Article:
Before any unfavorable action is taken against a borrower, servicers must ensure they have internal controls that meet all standards. From the time the loan is delinquent to the day the servicer modifies the loan or forecloses on the property, servicers need to document every activity and communication, ensuring that timeframes were strictly followed. A seemingly casual, accommodating comment by a customer service representative can start the clock ticking on a specific activity, such as making a decision, even if the servicer didn’t formally intend to start that process. Servicers are also responsible for any third-party services. If foreclosure filings and bankruptcy issues, for example, are handled by an outside law firm, the servicer has an obligation to subject that firm to thorough due diligence, oversight, and review. The responsibility for compliance never leaves the servicer.

Deposit account service fees

More commonly known as overdraft fees, a number of banks have taken an aggressive approach to charging fees and have suffered compliance issues because of it.  Clearing checks daily in descending amount, for instance, will likely cause an overdraft sooner and may raise a red flag with regulators.

Mandate compliance, be informed, and be prepared

Certainly, the most effective defense against instances of noncompliance of laws and regulations, and the potential for measureable financial statement consequences is establishing an operating environment in which compliance to the fullest extent possible is expected throughout the organization. However, because full compliance is rarely achieved, financial institution management and board of directors must be fully informed of any situations that have occurred, or may occur, that could attract the form of penalties and other punitive actions present in today’s regulatory environment.

Finally, financial institutions must be prepared to fully respond to findings, observations, and allegations involving noncompliance. In addition to addressing the concerns of regulators on such matters, companies need to be prepared to address the auditor’s inquiries as to how such matters affect their financial condition, results of operations, and financial statement disclosures.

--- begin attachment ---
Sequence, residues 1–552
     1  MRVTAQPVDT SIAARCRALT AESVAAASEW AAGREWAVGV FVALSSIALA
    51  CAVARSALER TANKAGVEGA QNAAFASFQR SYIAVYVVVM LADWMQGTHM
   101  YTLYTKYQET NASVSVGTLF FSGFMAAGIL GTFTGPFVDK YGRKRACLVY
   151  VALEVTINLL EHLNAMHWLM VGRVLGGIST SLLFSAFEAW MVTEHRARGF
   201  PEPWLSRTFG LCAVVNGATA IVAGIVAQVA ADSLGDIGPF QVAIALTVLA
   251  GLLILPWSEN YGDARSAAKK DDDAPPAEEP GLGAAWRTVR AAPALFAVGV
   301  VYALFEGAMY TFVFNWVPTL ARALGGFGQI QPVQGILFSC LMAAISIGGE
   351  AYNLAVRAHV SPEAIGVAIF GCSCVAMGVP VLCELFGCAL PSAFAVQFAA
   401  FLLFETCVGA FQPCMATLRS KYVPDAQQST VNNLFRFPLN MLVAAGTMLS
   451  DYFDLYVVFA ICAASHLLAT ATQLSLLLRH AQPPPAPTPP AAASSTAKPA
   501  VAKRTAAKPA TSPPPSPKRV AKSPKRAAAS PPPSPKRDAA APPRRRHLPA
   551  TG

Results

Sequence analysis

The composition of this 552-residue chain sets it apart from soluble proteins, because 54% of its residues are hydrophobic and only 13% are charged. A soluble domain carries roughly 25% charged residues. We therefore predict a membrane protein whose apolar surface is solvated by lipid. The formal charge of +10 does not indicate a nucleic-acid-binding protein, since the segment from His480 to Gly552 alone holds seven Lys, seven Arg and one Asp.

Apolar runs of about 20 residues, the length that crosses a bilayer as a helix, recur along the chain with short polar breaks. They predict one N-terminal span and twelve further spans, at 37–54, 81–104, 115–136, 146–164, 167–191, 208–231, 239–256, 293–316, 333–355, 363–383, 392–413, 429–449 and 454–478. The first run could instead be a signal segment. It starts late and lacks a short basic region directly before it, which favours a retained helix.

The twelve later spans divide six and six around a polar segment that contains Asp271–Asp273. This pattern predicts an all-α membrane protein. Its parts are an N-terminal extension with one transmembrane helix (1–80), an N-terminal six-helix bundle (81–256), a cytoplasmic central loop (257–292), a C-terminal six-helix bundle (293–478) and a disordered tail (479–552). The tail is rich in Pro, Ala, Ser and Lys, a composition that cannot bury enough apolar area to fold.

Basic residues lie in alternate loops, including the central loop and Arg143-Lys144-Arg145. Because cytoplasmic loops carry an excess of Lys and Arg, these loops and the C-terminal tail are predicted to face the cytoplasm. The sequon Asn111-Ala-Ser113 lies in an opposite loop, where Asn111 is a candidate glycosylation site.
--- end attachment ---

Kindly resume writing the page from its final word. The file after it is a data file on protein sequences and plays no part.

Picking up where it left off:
The following are some primary characteristics that should be in place to address these concerns:

  • Senior commitment: First, the entire organization, from the board and senior management on down, has to make compliance a priority. Although absolute compliance is rarely achieved, tolerance of noncompliance should be set at aggressively low levels and adhered to throughout the organization.
  • Expert review: Every fundamental business activity should be reviewed by an internal or external compliance expert who understands what the regulations require, and understands the regulatory perspectives at the most finite levels of the applicable laws and regulations.
  • Monitoring and documentation: A compliance officer, compliance department, or third-party expert should monitor and document all operations and ensure they conform to a set of compliant policies and procedures.
  • Internal audits: Finally, the compliance department, or ideally a knowledgeable independent third party, should conduct periodic audits and reviews. A number of transactions—such as mortgages, where the bank and third parties had multiple consumer contacts—should be followed from beginning to end. Was the process followed correctly?  Was every action documented?  Was each action completed within regulatory deadlines?

Baker Tilly insights

The current approach by financial institution regulators has clearly heightened the sensitivities of financial statement auditors. Experienced professionals can help financial institutions proactively establish a framework in which they are able to achieve a high level of compliance, be informed as to the existing risks of noncompliance, and prepare to respond to instances of noncompliance should they arise. Further, these professionals can assist in understanding how to address the auditor’s responsibilities concerning the effect on the company’s financial statements and related disclosures.

For more information on this topic, or to learn how Baker Tilly banking specialists can help, contact our team.